The Palm Cross
Palm Sunday is the final Sunday of Lent, this year we celebrate on 5th April 2020.
This is the beginning of Holy Week, and commemorates the triumphant arrival of Christ into Jerusalem, where, later he would be arrested and crucified.
Many churches commemorate the day by processions, with the congregation carrying symbolic palm leaves (folded in the form of a cross) or branches of palm trees.
In the Gospels, Jesus entered Jerusalem riding a young donkey, and to the lavish praise of the townspeople who threw clothes, or possibly palms or small branches, in front of him as a sign of homage. This was a customary practice for people of great respect.
Palm branches are widely recognised symbol of peace and victory, hence their preferred use on Palm Sunday.
The use of a donkey instead of a horse is highly symbolic, it represents the humble arrival of someone in peace, as opposed to arriving on a steed in war.
During Palm Sunday services, palms are distributed to parishioners who carry them in a ritual procession into church. The palms are blessed, and many people fashion them into small crosses or other items of personal devotion. These may be returned to the church or kept for the year. Because the palms have been blessed, they may not be discarded, and in many cases, they are collected by the church and incinerated to create the ashes that will be used for the start of the following years lantern observances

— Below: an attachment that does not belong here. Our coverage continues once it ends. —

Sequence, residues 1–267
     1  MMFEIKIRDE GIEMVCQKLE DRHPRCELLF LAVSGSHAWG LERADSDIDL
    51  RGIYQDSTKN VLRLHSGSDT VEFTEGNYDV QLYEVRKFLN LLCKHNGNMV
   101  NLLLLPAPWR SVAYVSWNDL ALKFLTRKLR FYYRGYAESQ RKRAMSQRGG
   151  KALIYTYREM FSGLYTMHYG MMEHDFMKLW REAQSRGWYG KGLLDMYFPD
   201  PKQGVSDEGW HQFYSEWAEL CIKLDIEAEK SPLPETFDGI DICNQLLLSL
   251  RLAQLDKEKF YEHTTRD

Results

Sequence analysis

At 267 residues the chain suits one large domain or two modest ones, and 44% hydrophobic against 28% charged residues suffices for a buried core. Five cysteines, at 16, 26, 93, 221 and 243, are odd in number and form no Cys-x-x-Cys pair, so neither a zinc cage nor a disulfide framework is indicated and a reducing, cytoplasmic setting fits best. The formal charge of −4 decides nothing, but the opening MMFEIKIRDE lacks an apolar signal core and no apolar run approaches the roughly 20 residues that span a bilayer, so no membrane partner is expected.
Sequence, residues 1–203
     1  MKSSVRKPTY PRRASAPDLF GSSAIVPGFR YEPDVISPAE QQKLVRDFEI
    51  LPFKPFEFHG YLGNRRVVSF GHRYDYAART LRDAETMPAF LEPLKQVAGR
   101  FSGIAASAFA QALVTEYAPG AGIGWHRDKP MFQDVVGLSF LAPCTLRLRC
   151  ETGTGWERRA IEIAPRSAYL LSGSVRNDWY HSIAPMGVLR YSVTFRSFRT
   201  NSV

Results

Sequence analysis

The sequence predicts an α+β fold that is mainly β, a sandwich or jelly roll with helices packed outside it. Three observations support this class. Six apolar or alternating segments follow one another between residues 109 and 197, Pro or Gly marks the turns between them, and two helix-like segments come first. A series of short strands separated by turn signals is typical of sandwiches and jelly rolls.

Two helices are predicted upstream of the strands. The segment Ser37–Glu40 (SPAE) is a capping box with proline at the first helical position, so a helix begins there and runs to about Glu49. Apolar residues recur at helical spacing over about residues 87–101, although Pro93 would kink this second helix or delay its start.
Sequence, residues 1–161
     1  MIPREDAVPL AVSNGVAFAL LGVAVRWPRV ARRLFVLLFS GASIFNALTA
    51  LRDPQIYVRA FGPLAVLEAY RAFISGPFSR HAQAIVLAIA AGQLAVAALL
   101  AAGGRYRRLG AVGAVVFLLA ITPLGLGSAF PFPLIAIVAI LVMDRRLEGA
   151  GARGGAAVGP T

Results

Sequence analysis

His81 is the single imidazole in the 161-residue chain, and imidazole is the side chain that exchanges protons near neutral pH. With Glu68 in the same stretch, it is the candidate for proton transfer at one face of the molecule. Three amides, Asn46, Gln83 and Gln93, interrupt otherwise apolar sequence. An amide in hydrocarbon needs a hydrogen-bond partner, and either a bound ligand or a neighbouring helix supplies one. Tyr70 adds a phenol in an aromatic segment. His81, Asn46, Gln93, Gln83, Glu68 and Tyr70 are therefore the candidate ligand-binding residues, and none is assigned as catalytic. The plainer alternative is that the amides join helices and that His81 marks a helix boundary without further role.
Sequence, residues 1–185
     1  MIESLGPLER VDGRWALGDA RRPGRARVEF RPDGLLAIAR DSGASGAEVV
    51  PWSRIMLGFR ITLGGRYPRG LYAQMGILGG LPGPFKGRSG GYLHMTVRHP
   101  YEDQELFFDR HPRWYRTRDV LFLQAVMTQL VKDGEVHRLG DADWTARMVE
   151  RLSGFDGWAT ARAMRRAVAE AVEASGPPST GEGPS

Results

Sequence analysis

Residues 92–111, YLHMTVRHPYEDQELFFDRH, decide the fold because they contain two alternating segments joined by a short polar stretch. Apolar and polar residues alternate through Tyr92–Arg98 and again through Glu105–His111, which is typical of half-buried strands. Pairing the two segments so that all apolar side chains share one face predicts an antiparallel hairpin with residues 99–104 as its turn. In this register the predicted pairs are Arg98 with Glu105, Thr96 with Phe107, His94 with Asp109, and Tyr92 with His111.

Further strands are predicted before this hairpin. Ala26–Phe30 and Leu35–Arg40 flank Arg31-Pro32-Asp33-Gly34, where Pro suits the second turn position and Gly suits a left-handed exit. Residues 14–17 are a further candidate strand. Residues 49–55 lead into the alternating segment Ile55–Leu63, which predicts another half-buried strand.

The celebration of Palm Sunday originated in the Jerusalem Church, around the late fourth century. The ceremony consisted of prayers, hymns, and sermons recited by the clergy while the people walked to various holy sites throughout the city. At the final site, the place where Jesus ascended into heaven, the clergy read from the gospels concerning the entry of Jesus into Jerusalem. In the early evening they returned to the city reciting: ‘Blessed is He that comes in the name of the Lord.’ The children carried palm and olive branches as the people returned through the city back to the church, where they would hold evening services.
By the fifth century, the Palm Sunday celebration had spread as far as Constantinople. Changes made in the sixth and seventh centuries resulted in two new Palm Sunday traditions – the ritual blessing of the palms, and a morning procession instead of an evening one. Adopted by the Western Church in the eighth century, the celebration received the name ‘Dominica in Palmis,’ or ‘Palm Sunday’.
Today, Palm Sunday traditions in Roman Catholic churches are much the same as they have been since the tenth century. The ceremony begins with the blessing of the palms. The procession follows, then Mass is celebrated, and the Passion and the Benediction are sung. Afterwards, many people take the palms home and place them in houses, barns, and fields. The colours used in this service for the priests or vicars’ robes and the pulpit and alter frontals are red and white, symbolising the redemption in blood that Jesus paid for the world.
In the simplest of terms, Palm Sunday is an occasion for reflecting on the final week of Jesus’ life. It is a time for Christians to prepare their hearts for the agony of his passion and the joy of his Resurrection.